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Bethany Rossiter 14/09/11
How does Robert Browning portray the Duke and Duchess in `My last Duchess'?
In this poem the duke and duchess are portrayed in many different ways.
Firstly, the duke appears to be jealous of his wife, the duchess throughout most
the play. For example, `Twas not her husband's presence only, called that spot of
joy into the duchess' cheek'. I feel that this is said in quite a jealous and almost
sarcastic tone of voice. Browning did this to make the reader get the impression
that the duke is jealous of his wife. Also describing the duchess' as a `spot of joy'
creates an image of a happy woman and this helps the reader to see why the duke
is jealous of the duchess.
Furthermore, Browning also portrays the duke a very protective way, he also likes
to be in control. For example, `herself be lessoned so'. This means that she doesn't
want to be corrected in her actions by him. The duke wants her to behave in a
better way, he likes to be in control of his wife and is angry that she doesn't obey
or listen to him.
Also, the duke comes across as a rather possessed and sinister man. For example, `I
gave commands; then all smiles stopped together'. This line describes the moment
the duke admits that he has ordered the assassination of his own wife. The tone
which Browning uses comes across as rather sinister and evil; this makes the
reader think that the duke is a sinister man. The dukes anger at his wife's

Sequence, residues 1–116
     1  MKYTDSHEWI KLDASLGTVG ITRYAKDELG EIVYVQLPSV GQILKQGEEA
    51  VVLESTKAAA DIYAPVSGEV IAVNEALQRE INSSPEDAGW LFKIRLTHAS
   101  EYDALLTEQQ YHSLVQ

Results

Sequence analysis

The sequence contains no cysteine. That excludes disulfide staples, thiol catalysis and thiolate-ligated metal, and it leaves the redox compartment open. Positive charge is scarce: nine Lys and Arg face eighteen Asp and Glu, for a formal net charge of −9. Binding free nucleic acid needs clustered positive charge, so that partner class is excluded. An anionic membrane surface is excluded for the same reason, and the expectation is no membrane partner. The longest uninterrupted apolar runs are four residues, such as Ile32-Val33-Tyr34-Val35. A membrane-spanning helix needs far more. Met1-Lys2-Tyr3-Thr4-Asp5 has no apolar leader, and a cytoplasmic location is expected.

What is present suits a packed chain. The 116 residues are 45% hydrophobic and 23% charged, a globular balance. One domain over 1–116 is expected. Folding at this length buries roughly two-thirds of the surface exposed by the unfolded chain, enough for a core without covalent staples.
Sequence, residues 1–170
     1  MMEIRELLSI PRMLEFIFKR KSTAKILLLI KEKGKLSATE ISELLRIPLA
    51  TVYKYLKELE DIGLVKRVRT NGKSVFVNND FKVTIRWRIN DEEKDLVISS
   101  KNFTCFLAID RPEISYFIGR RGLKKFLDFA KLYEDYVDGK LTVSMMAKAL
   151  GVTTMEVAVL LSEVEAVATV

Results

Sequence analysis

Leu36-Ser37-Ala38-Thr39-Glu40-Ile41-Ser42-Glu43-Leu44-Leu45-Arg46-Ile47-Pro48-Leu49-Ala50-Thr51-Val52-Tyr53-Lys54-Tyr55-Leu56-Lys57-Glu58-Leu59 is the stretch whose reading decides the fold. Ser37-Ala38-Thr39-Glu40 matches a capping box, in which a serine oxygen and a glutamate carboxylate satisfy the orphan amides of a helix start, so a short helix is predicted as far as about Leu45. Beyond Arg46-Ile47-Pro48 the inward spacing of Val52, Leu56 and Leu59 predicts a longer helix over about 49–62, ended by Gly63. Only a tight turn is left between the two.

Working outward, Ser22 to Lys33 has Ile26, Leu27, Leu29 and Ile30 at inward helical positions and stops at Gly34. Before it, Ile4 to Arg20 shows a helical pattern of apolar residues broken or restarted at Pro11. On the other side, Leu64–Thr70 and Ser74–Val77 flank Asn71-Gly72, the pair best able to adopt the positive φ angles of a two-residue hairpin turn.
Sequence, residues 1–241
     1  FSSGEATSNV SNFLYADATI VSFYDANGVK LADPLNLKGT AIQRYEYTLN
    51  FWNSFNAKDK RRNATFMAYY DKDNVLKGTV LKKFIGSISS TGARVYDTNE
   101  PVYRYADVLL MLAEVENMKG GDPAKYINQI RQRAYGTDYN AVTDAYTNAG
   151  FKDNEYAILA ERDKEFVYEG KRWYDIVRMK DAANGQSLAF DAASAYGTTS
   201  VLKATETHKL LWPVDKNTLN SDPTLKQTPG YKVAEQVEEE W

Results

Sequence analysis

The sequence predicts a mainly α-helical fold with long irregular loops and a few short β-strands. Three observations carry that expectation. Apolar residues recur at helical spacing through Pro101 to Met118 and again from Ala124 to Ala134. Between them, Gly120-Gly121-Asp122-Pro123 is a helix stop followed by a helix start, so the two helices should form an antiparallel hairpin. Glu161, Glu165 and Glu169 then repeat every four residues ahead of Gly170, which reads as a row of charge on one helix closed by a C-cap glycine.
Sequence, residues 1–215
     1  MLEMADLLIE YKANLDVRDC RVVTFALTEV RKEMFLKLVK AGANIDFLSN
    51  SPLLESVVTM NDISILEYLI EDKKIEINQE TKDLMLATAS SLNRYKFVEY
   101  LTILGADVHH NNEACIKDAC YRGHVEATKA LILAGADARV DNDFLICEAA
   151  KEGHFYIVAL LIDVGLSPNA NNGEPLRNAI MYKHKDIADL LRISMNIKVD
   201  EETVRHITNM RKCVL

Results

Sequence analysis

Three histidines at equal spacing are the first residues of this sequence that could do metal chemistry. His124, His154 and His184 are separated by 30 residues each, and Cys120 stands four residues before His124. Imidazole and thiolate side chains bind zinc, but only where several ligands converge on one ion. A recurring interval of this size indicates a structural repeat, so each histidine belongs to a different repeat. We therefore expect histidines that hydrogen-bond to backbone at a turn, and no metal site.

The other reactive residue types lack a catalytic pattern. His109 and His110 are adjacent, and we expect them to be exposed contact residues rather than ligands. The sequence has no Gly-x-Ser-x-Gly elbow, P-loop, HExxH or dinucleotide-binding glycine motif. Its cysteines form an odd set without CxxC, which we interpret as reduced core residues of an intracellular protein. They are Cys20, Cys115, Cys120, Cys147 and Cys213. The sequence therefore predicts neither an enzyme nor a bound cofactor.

disobedience and independence drives him mad with anger, so he kills her, in other
words he was possessed.
Browning also describes the duchess as an outgoing woman for her status. For
example, `She had a heart-how shall I say?-too soon made glad, too easily
impressed'. This shows that she would fall for anyone and is easily impressed with
the smallest of things. Browning wrote this line in a disapproving tone, showing to
the reader that the duke did not approve of this behaviour. I get the impression
from this that the duchess is lonely, isn't allowed to enjoy herself in the way she
wants to and enjoys looking for pleasure; she is trying to compensate for what she
is missing out on because of her status.
Finally, the duchess is portrayed as being unfaithful to the duke. For example, `she
thanked men,-good! But thanked somehow- I know not how'. This is written in a
hesitant tone, as there a lot of pauses in this sentence, almost as if the duke is
trying to find the right words to say. He is accusing her of having affairs with
other men, being unfaithful to him. We don't know if this is true because the duke
is clearly angry with her and may be trying to get her into some kind of trouble.
Browning is trying to get us to side with the duke and believe that the duchess is
in the wrong.
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Bethany Rossiter 14/09/11
In conclusion, Browning portrays the duke as sinister, possessed, protective, in
control and jealous. He describes the duchess as misunderstood, disloyal and a
more outgoing woman for her status than she would usually be.…read more